Telemark Racer Jack Harvard

Telemark – Racing Psychology

Telemark Racer Jack Harvard

Competing at a top level in any sport provides challenges for the performer both physically and psychologically. In snowsports the psychological factor is too often overlooked by athletes.

In telemark racing there are many mental barriers that one has to overcome in order to perform optimally. Unlike conventional alpine racing there are many different aspects to the race, if you look at the flagship FIS race, the Telemark Classic event there are three different ‘disciplines’ all combined into one race: starting off with a typical GS, there will be a jump somewhere along the way which a certain distance has to be cleared in order not gain any penalty points. Following this, usually toward the end of the course there is a 360 degree banked turn followed by a skating section lasting anything from 45 seconds to a few minutes. This is a very brief description of a very complex set of events – all happening within a 2 – 4 minute period.

At a recreational skier it is difficult to imagine some of the psychological demands put upon elite racers. In my mind there are two issues that are constantly affecting our performance on the mountain:

  1. ‘Concentration’ – this is the mental quality to focus on the task. At World Cup races there are many distractions which you have to put to the back of your mind, things like what opponents are doing, public announcements and many other surrounding distractions. Concentration is a personal quality which people learn to develop in different ways. For me this has taken some time – but during this last season I have learned to switch everything off and focus purely on the race.
  1. ‘Control’ is the ability to deal with and maintain ones emotions. One of the emotions that effects a lot people at the start of a race is anxiety. It comes in two forms: physical (butterflies, sweating, needing the toilet) and mental (worry, confusion and lack of concentration). This becomes easier to control with experience – I vividly remember almost soiling my race suit at the start of my first World Cup race! As confidence grows anxiety levels are reduced. One technique the team practices in the off-season is mental imaginary: visualising pervious good performances and reminding ourselves how they felt and also imagining various courses and how we would cope with them. This can be done anywhere, in the car, on the treadmill (or in my case during university lectures)!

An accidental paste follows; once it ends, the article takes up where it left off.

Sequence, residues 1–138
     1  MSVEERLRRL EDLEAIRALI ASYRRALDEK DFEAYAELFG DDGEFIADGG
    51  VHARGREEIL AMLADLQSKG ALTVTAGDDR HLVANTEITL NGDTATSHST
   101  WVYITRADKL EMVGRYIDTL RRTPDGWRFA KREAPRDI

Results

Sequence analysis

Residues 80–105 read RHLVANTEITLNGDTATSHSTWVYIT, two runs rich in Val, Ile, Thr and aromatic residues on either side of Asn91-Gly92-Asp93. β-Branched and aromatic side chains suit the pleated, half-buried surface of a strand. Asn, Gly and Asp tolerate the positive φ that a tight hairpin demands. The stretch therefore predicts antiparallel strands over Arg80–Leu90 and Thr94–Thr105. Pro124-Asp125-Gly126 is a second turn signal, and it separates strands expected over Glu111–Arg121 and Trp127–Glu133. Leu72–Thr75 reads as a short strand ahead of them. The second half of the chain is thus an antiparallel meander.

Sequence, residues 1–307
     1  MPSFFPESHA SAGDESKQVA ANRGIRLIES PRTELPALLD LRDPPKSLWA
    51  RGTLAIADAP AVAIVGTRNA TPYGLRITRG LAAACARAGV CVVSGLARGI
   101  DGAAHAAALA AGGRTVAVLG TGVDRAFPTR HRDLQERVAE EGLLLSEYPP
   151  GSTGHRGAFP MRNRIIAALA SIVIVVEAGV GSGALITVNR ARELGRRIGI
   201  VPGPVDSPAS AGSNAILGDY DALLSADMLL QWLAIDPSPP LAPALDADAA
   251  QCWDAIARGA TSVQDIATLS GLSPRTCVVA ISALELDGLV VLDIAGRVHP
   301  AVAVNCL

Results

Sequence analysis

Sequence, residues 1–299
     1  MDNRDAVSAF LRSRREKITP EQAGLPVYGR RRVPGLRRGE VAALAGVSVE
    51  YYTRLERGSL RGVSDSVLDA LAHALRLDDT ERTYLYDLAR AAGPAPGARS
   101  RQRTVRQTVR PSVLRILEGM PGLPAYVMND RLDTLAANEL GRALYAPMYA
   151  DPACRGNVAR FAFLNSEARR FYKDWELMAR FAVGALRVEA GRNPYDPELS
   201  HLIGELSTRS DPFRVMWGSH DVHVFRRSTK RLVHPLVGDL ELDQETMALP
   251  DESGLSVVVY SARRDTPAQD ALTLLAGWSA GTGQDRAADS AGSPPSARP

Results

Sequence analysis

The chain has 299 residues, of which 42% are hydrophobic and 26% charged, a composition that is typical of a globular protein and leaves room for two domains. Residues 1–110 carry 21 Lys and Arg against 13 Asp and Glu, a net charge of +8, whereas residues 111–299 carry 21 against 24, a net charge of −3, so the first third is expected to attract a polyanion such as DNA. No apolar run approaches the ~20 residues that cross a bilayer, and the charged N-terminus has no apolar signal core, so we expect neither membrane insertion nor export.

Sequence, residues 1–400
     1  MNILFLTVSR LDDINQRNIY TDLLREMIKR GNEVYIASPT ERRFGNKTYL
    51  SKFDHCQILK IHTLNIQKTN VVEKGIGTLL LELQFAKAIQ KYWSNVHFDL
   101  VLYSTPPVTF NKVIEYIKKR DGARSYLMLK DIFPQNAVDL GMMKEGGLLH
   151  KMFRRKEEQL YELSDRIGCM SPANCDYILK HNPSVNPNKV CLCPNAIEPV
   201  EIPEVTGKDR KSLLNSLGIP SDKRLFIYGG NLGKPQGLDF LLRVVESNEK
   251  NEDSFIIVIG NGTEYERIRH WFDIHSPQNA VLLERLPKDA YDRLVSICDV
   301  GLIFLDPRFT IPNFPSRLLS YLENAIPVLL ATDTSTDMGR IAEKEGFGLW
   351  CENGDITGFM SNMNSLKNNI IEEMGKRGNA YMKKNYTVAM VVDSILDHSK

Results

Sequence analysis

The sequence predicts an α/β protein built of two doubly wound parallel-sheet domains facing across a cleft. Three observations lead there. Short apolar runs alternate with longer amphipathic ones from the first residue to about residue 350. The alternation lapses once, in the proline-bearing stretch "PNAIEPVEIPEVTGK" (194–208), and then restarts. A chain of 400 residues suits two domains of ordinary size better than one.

Another area of emotion that is constantly affecting our performances in ski racing is ‘arousal.’ Going back my A-Level P.E, quite a few years ago, I recall the inverted-U model of arousal which very simply illustrates how low levels of arousal will result in a performance below par because the skier is not psyched up. As arousal increases so does performance, up to a certain point where performance drops off due to ‘over-arousal’. Getting the right balance right can be issue sometime. An example of this was at the final World Cup race of the season, held in La Plagne. After a long, hard two weeks racing everyone was feeling the strain physically and mentally but knew there was one more race left. For this reason it was hard for many racers get psyched enough to really get in the ‘zone’. As it happens I finished with my best result of the season!

It’s clear that psychology plays an important role in skiing at every level so next time you’re on the hill think about what is going through your mind?